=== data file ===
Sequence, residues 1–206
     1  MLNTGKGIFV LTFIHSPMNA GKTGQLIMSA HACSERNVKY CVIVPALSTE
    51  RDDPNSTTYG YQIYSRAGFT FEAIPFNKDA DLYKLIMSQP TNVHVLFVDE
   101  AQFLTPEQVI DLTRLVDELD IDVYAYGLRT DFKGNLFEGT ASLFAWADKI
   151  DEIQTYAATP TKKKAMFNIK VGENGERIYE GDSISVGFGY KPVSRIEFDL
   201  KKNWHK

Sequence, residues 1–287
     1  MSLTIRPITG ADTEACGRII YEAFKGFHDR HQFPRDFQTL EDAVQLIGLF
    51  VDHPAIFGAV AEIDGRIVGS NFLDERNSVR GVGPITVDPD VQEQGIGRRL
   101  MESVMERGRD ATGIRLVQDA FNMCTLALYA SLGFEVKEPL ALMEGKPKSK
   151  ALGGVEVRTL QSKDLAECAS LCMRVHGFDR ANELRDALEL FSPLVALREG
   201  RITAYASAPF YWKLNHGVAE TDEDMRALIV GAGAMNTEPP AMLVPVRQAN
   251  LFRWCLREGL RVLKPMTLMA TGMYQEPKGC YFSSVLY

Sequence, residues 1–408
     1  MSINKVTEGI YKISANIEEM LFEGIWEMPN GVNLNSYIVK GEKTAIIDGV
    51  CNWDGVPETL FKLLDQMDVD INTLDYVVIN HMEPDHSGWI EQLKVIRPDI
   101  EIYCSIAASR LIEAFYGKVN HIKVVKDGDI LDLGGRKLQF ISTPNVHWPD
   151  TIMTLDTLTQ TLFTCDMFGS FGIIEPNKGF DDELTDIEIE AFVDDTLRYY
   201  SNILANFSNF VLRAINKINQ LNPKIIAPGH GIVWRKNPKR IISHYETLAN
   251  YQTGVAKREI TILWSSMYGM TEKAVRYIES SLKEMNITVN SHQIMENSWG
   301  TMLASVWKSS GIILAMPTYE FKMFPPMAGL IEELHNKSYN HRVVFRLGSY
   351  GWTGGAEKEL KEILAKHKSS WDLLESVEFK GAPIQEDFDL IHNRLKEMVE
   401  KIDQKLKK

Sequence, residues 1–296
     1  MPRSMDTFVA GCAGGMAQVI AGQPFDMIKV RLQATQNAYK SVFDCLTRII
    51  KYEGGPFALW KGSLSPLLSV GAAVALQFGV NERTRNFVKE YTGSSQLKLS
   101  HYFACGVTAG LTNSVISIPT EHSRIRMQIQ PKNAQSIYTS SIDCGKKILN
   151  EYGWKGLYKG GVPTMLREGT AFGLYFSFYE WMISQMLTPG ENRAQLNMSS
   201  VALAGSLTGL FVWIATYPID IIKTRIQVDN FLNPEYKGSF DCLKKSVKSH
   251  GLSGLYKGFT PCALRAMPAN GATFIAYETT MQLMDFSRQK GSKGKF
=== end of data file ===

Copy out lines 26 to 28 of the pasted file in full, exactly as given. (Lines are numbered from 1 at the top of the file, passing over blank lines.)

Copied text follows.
    51  KYEGGPFALW KGSLSPLLSV GAAVALQFGV NERTRNFVKE YTGSSQLKLS
   101  HYFACGVTAG LTNSVISIPT EHSRIRMQIQ PKNAQSIYTS SIDCGKKILN
   151  EYGWKGLYKG GVPTMLREGT AFGLYFSFYE WMISQMLTPG ENRAQLNMSS